22 Mar 2011

Home made mouse trap for a live catch

We had a little guest move into the kitchen the other night. A house mouse was living up in the base of the fridge and my first thought was poison, but after chatting with my wife, I decided to try something more humane.

This home made setup requires:
  • A plastic bucket or bin that is about 50cm deep
  • kebab stick (or similar)
  • Paper
  • and peanuts (the bait)

Set the trap for a live catch:
Suspend the paper over the bin using the kebab stick as precariously as possible. Then place a few peanuts on the paper at the side furthest from approach. Make sure there is no other food around to cause distraction and then vacate the area.

We decided to use peanuts and raisins since the little chap had already exposed his desires by chewing at the bag while it was on the counter the night before. I set the trap at the edge of a stool in the kitchen so that the mouse would have access to the top of the bin. He must have been hungry because I saw him scouting the kitchen while we were still up and the light was even on. But it didn't take long before we heard a small crash and the mouse was caught!

I relocated the little fella to the back garden where he dashed into the safety of the bushes. I know there's a chance he'll be back for more peanuts but we'll see I guess...

20 Mar 2011

Sony Walkman NWZ-W252 mp3 player review

I have had my new Sony Walkman (NWZ-W252) for just over a week now and it is without a doubt the most convenient portable music player I have ever owned (my fourth mp3 player). I've used it every day since I got it and it's helped me to realise that convenience is at the top of my requirements for an every day music player.

This particular model of Sony Walkman is convenient because its all in one design integrates the player into the headpones, so there are no cords to tangle on anything and no player to put in your pocket or clip on your shirt. I've come to think of this player as a set of headphones and refer to "it" as "they" like a set of headphones.

"They" are designed with running or exercise in mind which makes them very versatile. I have washed the dishes and easily changed my clothes without removing them. They are great for listening to music while you are on the go, doing all sorts of activities. They are even water / sweat resistant, though a slightly cheaper non-water resistant model is available as well.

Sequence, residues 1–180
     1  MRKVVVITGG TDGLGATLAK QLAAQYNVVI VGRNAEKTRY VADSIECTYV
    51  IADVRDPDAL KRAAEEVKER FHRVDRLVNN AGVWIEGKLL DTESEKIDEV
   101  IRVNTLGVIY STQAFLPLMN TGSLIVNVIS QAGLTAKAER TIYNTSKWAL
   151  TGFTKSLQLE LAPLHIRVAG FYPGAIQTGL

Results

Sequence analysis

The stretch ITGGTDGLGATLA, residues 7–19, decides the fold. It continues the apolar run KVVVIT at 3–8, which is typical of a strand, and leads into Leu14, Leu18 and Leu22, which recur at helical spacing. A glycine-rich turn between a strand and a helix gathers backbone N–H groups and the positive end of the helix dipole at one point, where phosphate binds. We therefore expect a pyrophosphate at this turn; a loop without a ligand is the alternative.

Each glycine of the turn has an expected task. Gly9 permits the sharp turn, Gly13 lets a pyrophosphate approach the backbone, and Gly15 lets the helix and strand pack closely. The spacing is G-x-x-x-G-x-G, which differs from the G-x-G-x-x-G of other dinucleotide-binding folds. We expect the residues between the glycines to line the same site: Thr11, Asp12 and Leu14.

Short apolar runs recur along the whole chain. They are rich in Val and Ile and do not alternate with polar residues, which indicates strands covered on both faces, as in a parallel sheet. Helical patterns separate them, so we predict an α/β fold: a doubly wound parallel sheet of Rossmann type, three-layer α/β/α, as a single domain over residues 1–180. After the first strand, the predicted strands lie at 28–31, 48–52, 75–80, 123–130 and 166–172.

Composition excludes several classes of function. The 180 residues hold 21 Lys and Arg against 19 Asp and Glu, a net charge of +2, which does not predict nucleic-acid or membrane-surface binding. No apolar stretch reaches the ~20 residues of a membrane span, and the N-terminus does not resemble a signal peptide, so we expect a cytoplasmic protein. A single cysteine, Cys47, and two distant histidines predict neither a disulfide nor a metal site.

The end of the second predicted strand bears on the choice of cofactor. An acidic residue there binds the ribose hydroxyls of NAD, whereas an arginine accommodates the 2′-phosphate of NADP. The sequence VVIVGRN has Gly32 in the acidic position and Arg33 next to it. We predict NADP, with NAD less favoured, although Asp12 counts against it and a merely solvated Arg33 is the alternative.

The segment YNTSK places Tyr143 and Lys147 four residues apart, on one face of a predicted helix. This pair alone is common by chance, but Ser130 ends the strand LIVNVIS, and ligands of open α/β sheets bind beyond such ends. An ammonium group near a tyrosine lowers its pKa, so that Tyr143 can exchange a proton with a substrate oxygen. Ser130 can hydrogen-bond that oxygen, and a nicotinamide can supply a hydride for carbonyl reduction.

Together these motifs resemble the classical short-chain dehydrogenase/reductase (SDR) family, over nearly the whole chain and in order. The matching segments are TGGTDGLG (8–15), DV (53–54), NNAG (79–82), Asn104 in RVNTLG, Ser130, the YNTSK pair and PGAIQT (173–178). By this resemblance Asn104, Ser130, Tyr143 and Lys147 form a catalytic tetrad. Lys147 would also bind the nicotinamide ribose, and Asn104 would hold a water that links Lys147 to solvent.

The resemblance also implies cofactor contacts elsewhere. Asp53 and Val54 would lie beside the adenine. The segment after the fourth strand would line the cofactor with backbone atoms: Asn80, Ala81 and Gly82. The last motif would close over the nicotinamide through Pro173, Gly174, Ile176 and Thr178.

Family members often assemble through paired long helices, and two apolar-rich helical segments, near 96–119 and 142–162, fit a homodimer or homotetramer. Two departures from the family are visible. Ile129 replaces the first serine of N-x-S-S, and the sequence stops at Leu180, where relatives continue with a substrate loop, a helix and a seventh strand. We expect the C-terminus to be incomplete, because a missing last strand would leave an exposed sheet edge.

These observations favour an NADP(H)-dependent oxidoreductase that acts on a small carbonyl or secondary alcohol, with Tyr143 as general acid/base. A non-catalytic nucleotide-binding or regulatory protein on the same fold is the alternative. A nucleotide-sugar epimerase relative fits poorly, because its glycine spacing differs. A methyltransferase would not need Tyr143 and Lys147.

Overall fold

The design incorporates in ear headphones that deliver well balanced sound quality. Noise from the environment can easily be eliminated with the volume up, so do take care if you are running on the road. The headphones are connected by a sturdy cable that runs behind the head. Play and volume controls are embedded into the right ear piece, and there is a shuffle button on the left ear piece. A water resistant cap protects the standard USB mini connector and the ear pieces are held together by a magnet when not in use that turns the player off automatically. Sony also provide a plastic "carrier" that keep the headphones together and prevent magnetic leakage to protect your credit cards during storage.

The theme of simplicity continues when you connect this player to your Windows PC (I tried XP and Windows 7)* - It is detected as a Walkman device automatically and music can be copied directly to the player directory, so zero additional software is required but Sony does supply proprietary software if you would like to use it to create playlists and configure the Zappin functionality. You can play with your music line up while the Walkman charges on its snazzy Sony cradle, the device takes about an hour to get a full charge and provides around 11 hours of playback time. I've also read that you can get up to 90 minutes of playback from a 3 minute charge, though I have not tried this myself yet.

I smiled when I first heard the Walkman say "Play" out of the box. Yes, it speaks, to tell you what features you have toggled including: Play, shuffle, playlists, directory navigation and Zappin. Zappin will play the most recognisable part of a tune if you've loaded your music using the Sony software, or it will skip to the 45 second mark and play from there. You can choose between "Zappin long" - a 15 second sample or "Zappin short" - a 4 second clip. Zappin can be a great way to mix it up if you are a bit bored with your current selection or not sure of exactly what you feel like listening to.

It's tempting to think that maybe Sony should have tried to squeeze an FM radio into the package or Bluetooth connectivity, but having said that I don't find myself missing any functionality and this Walkman would not be as beautifully simple and it really does what it does well! It's cool to make use of all the features on a gadget for a change and I can't really fault this excellent package that Sony have put together. If anything I would say that Sony need to work their marketing on this one - It has turned a lot of heads and sparked interest and conversation - clearly people have never heard of this great product, which is sad.

Seriously Sony, kit a few hot girls with this Walkman and get them into the gyms where people will take notice of this device and it's excellent versatility. There are far too many white ear buds around and so few people realise that there are other perfectly viable (and often better) options available. See more details at the official product page here.

*Note for Linux users: The NWZ-W252 is an MTP device so you will probably require a few tweaks to your box to get it working. I haven't tried this myself but an MTPFS install should get you on the right track. I also found more detailed instructions here: How to mount an MTP device as a drive.